21 October, 2020

The Warmth Of Cold Print

A man who had exemplary clarity on communalism and a realistic view on Pakistan

Jitender Gupta
The Warmth Of Cold Print
A long-distance call from Delhi to Calcutta in April 1979 was not quite what it is today. It may not have been the era of the mouthpiece and the ear-horn, but hello-hello-operator-operator was the norm. I was in Calcutta then, editing Sunday and, with the talent of a remarkable young team, exploring subjects that, by common if unwritten consent, were considered outside the bounds of candid journalism. In an age where print and television have competed to take reportage of communal riots to unprecedented depths, it might seem strange that the best reporting on riots then would go no further than to say that an "incident" had taken place, and members of one "community" had clashed with members of another "community". The restraint was partly justified, because on the other side of the spectrum were regional papers which fomented communal hatred with lies. However, we decided that the answer to lies was not obfuscation, but the facts as best as saw them.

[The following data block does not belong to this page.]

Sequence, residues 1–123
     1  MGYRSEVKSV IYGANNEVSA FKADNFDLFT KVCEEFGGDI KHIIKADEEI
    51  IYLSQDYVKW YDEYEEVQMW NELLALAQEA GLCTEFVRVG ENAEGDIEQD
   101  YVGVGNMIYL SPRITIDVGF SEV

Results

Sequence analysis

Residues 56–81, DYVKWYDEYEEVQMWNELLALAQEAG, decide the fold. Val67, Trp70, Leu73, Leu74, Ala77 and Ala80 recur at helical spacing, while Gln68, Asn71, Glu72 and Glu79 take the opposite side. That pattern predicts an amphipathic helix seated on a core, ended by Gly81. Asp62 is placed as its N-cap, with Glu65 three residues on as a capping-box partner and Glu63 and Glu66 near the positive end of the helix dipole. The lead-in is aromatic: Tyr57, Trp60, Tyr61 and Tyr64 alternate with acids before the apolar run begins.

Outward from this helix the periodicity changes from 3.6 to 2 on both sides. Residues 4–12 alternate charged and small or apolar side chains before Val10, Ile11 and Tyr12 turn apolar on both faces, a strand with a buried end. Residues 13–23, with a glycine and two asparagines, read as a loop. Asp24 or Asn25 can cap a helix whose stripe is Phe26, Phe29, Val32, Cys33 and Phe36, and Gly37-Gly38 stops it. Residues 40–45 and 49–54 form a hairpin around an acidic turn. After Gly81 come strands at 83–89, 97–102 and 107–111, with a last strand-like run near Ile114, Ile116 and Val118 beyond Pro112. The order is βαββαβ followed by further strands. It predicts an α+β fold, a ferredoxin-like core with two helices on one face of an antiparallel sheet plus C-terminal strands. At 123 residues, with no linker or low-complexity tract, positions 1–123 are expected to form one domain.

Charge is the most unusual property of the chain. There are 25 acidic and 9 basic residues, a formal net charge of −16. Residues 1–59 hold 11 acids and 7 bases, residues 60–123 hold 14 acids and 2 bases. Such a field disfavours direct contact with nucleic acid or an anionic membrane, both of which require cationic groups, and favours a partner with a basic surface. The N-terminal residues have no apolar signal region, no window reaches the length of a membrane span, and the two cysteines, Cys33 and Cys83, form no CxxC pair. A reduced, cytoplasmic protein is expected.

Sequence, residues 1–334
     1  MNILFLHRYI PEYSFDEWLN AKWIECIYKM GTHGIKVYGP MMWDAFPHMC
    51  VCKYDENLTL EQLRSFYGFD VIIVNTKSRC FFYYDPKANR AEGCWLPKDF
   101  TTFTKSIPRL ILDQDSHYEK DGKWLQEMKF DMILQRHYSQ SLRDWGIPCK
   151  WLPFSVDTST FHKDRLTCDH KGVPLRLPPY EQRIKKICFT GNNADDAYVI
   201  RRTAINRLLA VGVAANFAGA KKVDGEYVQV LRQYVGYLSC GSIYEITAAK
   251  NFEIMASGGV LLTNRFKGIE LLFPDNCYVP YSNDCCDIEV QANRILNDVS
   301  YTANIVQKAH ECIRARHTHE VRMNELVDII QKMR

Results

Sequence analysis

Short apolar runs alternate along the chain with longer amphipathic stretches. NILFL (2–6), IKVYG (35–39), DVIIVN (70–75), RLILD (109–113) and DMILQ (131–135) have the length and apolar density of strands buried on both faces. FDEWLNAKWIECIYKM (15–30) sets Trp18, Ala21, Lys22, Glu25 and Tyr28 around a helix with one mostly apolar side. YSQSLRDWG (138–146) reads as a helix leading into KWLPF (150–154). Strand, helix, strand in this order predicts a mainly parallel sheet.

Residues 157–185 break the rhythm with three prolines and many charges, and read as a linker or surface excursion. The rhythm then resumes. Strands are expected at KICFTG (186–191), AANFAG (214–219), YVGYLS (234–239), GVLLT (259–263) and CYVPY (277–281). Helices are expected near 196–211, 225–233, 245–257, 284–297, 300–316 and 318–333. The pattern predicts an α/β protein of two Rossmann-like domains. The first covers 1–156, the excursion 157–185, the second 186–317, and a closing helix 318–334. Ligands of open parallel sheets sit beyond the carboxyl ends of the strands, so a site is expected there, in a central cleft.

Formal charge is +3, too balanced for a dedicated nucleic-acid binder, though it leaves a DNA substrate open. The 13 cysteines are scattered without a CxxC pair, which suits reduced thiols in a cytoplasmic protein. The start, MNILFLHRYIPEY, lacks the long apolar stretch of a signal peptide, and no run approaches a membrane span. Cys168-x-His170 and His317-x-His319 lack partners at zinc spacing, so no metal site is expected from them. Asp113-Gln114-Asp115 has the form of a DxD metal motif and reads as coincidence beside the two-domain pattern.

The Janata government that came to power at the end of the Emergency was as splendid in its achievements as it was...



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